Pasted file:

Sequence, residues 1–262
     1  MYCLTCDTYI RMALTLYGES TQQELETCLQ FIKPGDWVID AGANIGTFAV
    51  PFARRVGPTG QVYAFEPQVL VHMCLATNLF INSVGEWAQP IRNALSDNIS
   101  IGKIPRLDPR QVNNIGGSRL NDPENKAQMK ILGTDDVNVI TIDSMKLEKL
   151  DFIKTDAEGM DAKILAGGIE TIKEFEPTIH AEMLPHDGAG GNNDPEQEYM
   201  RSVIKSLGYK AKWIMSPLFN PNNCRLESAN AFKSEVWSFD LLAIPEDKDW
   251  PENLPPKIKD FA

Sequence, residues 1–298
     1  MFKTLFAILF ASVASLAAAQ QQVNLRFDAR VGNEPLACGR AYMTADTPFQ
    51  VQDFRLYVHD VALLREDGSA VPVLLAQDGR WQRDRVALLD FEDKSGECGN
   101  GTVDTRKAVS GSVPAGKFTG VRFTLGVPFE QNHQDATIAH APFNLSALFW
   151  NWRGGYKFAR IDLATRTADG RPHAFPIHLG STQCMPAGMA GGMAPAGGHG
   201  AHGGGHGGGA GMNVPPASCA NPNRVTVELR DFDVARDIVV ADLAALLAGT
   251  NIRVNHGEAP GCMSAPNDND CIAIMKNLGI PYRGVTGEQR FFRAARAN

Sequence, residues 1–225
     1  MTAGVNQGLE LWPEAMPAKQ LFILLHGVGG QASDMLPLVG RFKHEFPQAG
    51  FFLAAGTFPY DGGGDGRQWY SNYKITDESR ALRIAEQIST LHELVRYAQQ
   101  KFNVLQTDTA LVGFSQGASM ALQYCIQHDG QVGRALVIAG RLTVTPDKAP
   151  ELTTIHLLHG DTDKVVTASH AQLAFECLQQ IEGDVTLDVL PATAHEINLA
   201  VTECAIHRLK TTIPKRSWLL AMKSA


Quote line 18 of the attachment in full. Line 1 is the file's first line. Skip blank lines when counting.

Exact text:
   101  KFNVLQTDTA LVGFSQGASM ALQYCIQHDG QVGRALVIAG RLTVTPDKAP